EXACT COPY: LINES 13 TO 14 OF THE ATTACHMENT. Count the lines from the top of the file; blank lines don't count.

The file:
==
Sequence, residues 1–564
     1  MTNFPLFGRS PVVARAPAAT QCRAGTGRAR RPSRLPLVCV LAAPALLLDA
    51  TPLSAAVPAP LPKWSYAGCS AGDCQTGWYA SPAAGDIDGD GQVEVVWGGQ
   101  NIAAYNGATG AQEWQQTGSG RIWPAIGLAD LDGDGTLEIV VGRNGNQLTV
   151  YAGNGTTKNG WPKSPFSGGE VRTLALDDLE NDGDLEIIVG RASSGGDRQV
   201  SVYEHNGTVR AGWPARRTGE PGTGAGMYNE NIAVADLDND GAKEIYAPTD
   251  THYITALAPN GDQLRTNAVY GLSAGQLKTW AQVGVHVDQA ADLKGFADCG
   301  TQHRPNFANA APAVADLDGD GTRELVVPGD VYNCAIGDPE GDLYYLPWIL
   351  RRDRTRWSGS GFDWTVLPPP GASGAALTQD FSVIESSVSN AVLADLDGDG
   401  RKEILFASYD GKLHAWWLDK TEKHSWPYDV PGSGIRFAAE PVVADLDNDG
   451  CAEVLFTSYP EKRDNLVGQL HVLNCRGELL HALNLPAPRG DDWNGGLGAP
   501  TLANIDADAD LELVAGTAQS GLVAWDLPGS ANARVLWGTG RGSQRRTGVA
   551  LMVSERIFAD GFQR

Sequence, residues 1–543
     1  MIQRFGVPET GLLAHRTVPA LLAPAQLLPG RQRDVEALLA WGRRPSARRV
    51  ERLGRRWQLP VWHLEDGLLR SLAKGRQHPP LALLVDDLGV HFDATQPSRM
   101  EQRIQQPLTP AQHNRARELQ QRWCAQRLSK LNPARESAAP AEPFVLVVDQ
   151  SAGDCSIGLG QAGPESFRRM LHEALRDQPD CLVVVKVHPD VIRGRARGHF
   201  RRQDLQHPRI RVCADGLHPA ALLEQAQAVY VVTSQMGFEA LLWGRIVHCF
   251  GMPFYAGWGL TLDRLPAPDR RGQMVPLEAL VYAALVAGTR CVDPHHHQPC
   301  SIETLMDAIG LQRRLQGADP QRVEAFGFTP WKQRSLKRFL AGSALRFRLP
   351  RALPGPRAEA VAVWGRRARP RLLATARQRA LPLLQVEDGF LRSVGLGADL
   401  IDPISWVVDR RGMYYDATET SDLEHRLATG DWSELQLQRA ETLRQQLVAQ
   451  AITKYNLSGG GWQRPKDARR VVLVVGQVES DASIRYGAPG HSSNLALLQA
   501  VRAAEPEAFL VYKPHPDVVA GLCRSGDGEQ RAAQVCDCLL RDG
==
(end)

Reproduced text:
   551  LMVSERIFAD GFQR

Sequence, residues 1–543